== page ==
Who We Really Are

Courtesy of the brilliant Maria Popova of Brain Pickings, here is poet Marie Howe’s reflection on humans and time and the big, big picture:

The Universe in Verse: Marie Howe reads “Singularity” (after Stephen Hawking) from Maria Popova on Vimeo.

Leads me back to Whitman. Seems as if many things these days lead me back to Whitman or Gerard Manley Hopkins. What is that all about?

Urge and urge and urge,
Always the procreant urge of the world.

Because look.

Giant tree ferns in New Zealand. Rhesus monkey mama and baby and ancient rock art in India. Stardust, all.

Landmark, Seamark, or Soul’s Star?

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Cairngorms National Park, Scotland 

Years ago, an English teacher handed me a volume of poetry by Gerard Manley Hopkins and forever changed my relationship with words. “Vex’d elm-heads” and a “listing heart” and the moon “dwindled and thinned to the fringe | of a fingernail….” It was as if that long-ago voice was showing me how heart and place could meet within a twist of a word or a single rhythmic leap.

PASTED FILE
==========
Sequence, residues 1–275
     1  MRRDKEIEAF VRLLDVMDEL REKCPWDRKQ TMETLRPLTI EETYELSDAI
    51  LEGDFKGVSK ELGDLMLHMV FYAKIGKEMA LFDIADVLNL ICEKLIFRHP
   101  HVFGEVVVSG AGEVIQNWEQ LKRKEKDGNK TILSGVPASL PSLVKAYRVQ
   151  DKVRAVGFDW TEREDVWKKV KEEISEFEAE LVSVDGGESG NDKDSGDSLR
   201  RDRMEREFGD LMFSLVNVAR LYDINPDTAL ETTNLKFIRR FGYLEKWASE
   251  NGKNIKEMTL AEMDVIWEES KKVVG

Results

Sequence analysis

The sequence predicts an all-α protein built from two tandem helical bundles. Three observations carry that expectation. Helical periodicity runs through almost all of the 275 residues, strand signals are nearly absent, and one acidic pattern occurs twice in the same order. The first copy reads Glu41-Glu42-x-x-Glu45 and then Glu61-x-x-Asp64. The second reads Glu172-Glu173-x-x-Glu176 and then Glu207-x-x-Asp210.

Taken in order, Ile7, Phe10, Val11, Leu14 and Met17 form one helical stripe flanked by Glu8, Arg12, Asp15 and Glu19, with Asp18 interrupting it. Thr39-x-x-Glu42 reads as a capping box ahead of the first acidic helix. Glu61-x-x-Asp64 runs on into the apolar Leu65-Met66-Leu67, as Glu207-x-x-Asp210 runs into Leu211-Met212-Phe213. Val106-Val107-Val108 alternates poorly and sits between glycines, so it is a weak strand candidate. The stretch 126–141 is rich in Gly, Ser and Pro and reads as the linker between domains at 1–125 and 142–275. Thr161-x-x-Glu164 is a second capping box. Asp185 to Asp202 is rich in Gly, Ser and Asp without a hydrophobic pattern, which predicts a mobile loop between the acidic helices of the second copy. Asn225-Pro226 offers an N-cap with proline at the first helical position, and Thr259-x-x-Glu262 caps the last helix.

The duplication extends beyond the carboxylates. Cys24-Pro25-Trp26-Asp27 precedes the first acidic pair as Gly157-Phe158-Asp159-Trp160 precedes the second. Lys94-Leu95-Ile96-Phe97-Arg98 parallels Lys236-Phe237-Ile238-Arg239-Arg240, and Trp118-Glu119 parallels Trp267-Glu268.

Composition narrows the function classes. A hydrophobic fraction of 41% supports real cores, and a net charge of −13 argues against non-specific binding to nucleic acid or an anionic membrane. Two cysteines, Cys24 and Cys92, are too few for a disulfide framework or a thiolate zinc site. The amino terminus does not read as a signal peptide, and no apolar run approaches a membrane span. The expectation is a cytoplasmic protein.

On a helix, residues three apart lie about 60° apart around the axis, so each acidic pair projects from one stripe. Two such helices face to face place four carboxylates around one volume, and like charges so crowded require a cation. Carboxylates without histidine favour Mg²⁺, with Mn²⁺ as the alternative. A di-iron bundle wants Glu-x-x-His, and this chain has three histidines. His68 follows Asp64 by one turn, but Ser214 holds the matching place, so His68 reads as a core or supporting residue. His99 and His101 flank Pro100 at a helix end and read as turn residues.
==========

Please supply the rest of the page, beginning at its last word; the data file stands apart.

Thank you, Christina Harrington, for telling me about Landmarks by Robert MacFarlane, because here is a book that delves into the inseparable nature of place and language, despite out best efforts to tear them apart. MacFarlane’s introductory chapter discusses the culling of words related to nature from the Oxford Junior Dictionary:

Under pressure, Oxford University press revealed a list of the entries it no longer felt to be relevant to a modern-day childhood. The deletions included acorn, adder, ash, beach, bluebell, buttercup, catkin, conker, cowslip, cygnet, dandelion, fern, hazel, heather, heron, ivy, kingfisher, lark, mistletoe, nectar, newt, otter, pasture and willow. The words introduced to the new edition included attachment, block graph, blog, broadband, bullet-point, celebrity, chat room, committee, cut-and-paste, MP3 player and voice mail.

Landmarks pleads for a literacy of the land, evoking precision and poetry as well as the voices of a range of writers and artists–Nan Shepherd (whose extraordinary writing I discovered last year on a visit to the Cairngorms in Scotland) Roger DeakinRichard Skelton. It’s a summons to us all to pay attention to the landscape, to remember its name. In that remembering, we recreate the thing itself, passing it on to another generation.

How much more human and humane it is to prize listing hearts and dandelions over committees and voice mail.